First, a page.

Chapter LXVIII.—Being grieved by the Dissension, he counsels Peace.
“But, O glorious Providence of God! how deep a wound did not my ears only, but my very heart receive in the report that divisions existed among yourselves more grievous still than those which continued in that country! 3214 so that you, through whose aid I had hoped to procure a remedy for the errors of others, are in a state which needs healing even more than theirs. And yet, having made a careful enquiry into the origin and foundation of these differences, I find the cause to be of a truly insignificant character, and quite unworthy of such fierce contention. Feeling myself, therefore, compelled to address you in this letter, and to appeal at the same time to your unanimity 3215 and sagacity, I call on Divine Providence to assist me in the task, while I interrupt your dissension in the character of a minister of peace. And with reason: for if I might expect, with the help of a higher Power, to be able without difficulty, by a judicious appeal to the pious feelings of those who heard me, to recall them to a better spirit, even though the occasion of the disagreement were a greater one, how can I refrain from promising myself a far easier and more speedy adjustment of this difference, when the cause which hinders general harmony of sentiment is intrinsically trifling and of little moment?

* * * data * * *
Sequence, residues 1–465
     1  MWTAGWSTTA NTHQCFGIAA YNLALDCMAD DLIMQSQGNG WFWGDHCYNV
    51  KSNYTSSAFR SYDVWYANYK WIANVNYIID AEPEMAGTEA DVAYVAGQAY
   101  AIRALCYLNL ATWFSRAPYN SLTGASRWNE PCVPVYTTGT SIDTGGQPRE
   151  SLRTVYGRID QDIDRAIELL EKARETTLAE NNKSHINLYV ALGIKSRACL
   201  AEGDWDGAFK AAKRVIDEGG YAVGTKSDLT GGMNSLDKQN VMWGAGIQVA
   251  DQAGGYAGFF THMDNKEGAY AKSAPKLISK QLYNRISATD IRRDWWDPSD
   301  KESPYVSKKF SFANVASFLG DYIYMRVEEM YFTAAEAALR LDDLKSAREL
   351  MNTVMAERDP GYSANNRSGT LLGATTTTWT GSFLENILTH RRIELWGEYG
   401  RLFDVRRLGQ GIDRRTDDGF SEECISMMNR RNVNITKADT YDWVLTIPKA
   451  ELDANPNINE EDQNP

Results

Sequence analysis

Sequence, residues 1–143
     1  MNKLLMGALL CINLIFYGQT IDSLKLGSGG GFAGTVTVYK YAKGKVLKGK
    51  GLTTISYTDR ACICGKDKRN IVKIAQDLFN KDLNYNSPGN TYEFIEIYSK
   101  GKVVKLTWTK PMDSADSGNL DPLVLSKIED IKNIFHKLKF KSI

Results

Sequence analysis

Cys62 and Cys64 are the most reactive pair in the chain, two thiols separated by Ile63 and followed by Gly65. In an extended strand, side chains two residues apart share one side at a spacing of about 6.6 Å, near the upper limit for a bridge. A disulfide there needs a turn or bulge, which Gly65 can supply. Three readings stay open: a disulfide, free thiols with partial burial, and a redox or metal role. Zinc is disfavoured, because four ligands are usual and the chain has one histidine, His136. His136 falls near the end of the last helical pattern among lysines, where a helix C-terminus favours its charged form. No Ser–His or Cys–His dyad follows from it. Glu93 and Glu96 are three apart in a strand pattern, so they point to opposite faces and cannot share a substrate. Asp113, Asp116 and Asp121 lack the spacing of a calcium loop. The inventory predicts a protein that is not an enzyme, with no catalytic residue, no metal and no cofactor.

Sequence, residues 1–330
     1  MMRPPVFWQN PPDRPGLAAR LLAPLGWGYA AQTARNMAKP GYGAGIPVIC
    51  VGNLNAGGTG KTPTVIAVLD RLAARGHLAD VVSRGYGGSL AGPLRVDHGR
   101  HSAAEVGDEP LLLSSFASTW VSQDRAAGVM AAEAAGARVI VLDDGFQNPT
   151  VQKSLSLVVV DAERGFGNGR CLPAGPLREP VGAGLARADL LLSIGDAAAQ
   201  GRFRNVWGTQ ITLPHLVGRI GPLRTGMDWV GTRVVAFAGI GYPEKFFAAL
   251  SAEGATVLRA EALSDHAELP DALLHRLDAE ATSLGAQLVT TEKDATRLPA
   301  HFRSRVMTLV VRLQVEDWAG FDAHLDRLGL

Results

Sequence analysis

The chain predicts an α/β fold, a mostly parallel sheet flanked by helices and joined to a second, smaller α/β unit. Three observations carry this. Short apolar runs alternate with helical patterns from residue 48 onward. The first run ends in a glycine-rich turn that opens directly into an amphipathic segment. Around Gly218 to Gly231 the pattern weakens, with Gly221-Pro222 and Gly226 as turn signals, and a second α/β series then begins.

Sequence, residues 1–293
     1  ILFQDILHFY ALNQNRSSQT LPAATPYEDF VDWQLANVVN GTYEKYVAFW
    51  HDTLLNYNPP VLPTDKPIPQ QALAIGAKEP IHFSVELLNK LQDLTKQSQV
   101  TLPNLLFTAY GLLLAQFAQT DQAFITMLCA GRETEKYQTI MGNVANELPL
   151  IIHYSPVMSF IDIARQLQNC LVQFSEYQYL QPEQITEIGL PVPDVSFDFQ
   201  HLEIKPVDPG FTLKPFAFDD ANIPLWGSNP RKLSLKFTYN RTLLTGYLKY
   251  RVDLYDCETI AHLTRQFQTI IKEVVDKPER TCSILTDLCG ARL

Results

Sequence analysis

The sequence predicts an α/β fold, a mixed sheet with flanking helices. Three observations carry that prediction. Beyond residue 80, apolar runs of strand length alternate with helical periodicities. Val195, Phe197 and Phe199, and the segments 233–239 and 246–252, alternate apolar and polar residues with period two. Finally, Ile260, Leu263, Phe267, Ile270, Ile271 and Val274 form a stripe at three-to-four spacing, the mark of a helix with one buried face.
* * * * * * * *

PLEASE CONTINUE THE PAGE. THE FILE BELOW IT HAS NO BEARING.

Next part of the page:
[Africa: alluding to the schism of the Donatists.—Bag.]516:3215